Mental Health & Our Youth Podcast
Lifeline expert, Lalaine (Lala) Oliveria, LMFT, is featured on The Classical Academies Podcast and shares insight and tips for parents when addressing their youth's mental health. Lalaine (Lala) Oliveria has been in the mental health field for over 15 years, with the last 5 years focused on suicide prevention.
Now, more than ever, we are experiencing increased stress, grief, anxiety, and isolation. Lalaine (Lala) Oliveria is a licensed marriage and family therapist with North County Lifeline. She explains how shifts in normal behavior, such as withdrawal, irritability, anger, and mood changes, can be signs of depression or even precursors to suicidal ideation. Lala shares when to be concerned, how to have tough conversations, and provides recommendations such as listening to understand and validate feelings.
Being a youth during this time is tough, an increase in stress, grief, trauma, isolation, and bullying through social media is prevalent. Lala explains that parents can help their youth who may be struggling with mental health in the following ways:
- Start the conversation.
- Show you sincerely care.
- Listen carefully (listening to understand not to respond).
- Provide a safe space.
- Being genuine.
- Do not being afraid to ask tough questions.
- Talk openly about suicide and depression.
- Focus your concern on the youth's well-being.
- Use body language to show you are present.
- Validate the youth's feelings (active listening) Ex: “I can see how that can make you feel that way.”
Key warning signs for parents to be aware of in their youth may include:
- Changed relationships
- Increased irritability
- Withdrawl or display of sadness
- Themes of death or suicide in writing, social media posts, or music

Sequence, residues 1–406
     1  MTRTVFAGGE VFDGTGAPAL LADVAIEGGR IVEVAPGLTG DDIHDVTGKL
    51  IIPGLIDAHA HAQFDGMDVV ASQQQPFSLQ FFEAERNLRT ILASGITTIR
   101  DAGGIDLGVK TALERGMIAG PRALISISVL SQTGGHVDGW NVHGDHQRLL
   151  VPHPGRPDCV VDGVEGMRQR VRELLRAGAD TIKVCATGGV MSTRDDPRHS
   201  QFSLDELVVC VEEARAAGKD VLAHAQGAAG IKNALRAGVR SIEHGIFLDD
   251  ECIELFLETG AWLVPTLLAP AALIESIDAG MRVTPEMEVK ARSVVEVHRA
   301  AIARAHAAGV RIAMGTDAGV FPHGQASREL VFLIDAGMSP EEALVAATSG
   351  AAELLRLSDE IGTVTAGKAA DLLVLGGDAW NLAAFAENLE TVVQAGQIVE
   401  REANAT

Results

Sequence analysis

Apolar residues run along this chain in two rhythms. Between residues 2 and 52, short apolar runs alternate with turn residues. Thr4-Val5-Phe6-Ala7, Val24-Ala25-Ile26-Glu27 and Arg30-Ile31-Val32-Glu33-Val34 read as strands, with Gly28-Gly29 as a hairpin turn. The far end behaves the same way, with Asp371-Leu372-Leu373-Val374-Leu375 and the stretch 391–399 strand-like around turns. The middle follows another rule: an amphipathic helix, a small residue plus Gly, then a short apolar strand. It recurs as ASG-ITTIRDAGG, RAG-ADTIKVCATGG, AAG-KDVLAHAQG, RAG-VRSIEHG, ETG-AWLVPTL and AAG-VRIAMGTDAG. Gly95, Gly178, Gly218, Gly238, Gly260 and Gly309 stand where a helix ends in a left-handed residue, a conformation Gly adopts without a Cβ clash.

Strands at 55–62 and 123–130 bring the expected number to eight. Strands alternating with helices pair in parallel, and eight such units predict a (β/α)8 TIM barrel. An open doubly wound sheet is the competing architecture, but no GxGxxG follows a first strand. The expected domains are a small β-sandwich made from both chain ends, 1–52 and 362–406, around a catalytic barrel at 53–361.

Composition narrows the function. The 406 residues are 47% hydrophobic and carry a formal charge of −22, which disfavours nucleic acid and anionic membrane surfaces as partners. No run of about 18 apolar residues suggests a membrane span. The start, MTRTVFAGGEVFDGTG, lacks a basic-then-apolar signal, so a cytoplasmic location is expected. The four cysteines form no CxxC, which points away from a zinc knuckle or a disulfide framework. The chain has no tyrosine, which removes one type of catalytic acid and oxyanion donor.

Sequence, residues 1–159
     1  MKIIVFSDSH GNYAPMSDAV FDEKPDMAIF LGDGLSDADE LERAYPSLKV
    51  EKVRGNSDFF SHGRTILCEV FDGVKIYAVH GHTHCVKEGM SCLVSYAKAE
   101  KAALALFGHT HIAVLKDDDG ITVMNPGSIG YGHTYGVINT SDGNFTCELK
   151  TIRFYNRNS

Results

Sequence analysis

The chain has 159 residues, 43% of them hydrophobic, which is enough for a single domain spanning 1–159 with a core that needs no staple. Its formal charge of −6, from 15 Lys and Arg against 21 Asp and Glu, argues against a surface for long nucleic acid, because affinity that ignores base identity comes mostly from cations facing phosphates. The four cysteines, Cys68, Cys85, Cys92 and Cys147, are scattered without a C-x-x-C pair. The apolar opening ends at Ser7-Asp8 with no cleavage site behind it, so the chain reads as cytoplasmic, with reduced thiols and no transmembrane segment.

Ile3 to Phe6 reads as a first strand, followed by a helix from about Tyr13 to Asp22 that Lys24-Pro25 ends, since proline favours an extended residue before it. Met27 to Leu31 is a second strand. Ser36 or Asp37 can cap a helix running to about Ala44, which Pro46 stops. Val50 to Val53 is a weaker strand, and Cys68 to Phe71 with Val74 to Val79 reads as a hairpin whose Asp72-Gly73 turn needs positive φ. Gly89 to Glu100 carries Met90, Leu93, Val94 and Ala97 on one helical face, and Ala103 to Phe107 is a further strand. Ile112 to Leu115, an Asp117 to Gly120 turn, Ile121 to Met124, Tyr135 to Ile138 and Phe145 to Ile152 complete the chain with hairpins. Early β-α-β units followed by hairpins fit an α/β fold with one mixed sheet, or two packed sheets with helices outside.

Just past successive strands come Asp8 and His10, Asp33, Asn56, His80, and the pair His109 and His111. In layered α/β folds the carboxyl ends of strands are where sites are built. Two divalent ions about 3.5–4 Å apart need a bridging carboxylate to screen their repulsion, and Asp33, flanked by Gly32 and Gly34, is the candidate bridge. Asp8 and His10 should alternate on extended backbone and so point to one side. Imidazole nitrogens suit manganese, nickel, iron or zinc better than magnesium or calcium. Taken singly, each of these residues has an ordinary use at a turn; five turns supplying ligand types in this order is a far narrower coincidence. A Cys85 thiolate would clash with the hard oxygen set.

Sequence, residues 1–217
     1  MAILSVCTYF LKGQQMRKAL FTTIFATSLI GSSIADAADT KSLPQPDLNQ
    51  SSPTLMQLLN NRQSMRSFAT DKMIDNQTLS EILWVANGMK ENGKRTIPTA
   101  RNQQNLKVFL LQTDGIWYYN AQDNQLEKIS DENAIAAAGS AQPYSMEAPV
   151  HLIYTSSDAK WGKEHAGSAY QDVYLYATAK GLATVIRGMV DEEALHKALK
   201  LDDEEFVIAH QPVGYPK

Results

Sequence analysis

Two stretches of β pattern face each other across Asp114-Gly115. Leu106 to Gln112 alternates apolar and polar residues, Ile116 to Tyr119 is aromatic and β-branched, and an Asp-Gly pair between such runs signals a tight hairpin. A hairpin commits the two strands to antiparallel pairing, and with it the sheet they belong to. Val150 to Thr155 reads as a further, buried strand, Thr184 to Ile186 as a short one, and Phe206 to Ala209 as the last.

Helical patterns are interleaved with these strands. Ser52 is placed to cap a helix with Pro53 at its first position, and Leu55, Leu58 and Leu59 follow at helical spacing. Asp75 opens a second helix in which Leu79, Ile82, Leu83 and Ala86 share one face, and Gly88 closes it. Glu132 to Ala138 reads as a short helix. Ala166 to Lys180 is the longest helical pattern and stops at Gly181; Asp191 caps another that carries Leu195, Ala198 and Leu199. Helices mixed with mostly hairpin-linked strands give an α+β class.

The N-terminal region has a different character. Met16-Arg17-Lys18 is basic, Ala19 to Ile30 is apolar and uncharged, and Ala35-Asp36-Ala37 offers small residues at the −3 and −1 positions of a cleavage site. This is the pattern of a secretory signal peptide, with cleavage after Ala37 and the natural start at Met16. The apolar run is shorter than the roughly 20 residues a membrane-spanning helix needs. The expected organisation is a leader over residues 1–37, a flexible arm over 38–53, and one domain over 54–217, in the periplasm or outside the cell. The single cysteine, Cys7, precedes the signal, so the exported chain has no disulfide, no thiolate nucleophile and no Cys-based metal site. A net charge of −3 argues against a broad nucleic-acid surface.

- Lack of interest in things that they once enjoyed
- Loss of motivation or enthusiasm
- Be aware of what is normal vs. not normal for your youth. Take note of major changes in mood or behavior because depression is unique to the individual.
Urgent warning signs may include:
- The youth directly expresses taking their life with an actionable plan.
- The youth expressing things like: "I want to sleep forever and never wake up."
- Giving away their possessions
Potential triggers for youth that parents can avoid may include:
- Be mindful, acknowledge family history (Ex: has anyone in their family struggled with depression, anxiety, suicidal ideation before?)
- Consider the youth’s history (Ex: have there been any recent diagnosis, instances of bullying, substance abuse, increased sense of hopelessness, etc.)
- LGBTQIA+ youth are 4x more at risk for suicide attempts.
- Ask intentional questions that are strengths-based
- What thoughts are you having?
- How often do you have these thoughts?
- How do you cope when you have those thoughts?
How can parents take action when they are concerned about their youth?
- Never leave them alone.
- Schedule an assessment for the youth right away by their health care physician or PERTH.
- Explore treatment options and follow-up.
- For those who are uninsured, try to get connected to long-term services (there is a waitlist for some youth).
- Help reduce the stigma against therapy including cultural stigmas to mental health and therapy.
While caring for youth, how can adults take care of themselves?
- Self-care is non-negotiable
- Self-care is responses and actions we do for ourselves.
- Create daily healthy coping skills (deep breaths, meditating).
- Implement mindfulness and grounding techniques.
- Focus on your strengths & what nourishes you.